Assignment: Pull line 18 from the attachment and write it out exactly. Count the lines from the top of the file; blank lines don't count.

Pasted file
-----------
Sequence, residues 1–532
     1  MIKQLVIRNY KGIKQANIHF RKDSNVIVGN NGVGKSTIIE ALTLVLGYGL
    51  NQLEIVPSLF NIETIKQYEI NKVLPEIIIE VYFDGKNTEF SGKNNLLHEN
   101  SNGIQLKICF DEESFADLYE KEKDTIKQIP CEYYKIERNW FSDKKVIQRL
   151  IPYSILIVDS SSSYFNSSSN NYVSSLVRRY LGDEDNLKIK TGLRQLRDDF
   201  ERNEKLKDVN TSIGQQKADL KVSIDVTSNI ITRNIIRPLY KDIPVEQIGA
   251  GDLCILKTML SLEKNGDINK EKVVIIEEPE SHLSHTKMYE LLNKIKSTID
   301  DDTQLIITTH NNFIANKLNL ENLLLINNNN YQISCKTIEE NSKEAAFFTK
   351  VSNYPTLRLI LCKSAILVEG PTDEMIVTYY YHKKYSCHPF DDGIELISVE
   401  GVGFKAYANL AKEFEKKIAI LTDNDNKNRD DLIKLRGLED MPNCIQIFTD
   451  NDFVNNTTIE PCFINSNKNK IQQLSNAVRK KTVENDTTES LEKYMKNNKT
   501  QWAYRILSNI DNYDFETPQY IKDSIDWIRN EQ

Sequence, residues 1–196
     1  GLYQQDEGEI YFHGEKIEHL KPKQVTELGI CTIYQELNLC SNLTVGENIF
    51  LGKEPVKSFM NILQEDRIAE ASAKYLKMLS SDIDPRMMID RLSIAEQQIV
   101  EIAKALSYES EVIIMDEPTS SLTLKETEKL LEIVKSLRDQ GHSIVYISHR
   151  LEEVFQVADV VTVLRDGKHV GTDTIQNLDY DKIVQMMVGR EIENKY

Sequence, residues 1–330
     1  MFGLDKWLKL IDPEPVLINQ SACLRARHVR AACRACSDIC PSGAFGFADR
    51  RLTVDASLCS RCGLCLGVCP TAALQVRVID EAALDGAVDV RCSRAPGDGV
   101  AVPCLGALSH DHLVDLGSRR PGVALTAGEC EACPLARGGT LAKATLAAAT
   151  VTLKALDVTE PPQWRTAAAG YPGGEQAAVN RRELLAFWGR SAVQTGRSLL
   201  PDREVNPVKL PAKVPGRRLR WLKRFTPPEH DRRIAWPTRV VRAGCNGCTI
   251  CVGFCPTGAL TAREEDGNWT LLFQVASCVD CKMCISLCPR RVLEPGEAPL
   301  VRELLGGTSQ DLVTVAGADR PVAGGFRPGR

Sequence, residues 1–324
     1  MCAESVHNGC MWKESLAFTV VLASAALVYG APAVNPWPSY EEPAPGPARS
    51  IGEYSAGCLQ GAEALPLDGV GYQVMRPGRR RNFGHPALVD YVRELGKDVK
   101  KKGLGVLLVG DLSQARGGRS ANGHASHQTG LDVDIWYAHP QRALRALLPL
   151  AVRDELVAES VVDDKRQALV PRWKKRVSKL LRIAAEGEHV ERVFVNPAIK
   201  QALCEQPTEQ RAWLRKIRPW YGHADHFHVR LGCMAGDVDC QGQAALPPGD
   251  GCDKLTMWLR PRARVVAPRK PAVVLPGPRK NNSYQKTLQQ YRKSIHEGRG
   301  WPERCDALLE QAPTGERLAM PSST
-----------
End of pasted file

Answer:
Sequence, residues 1–330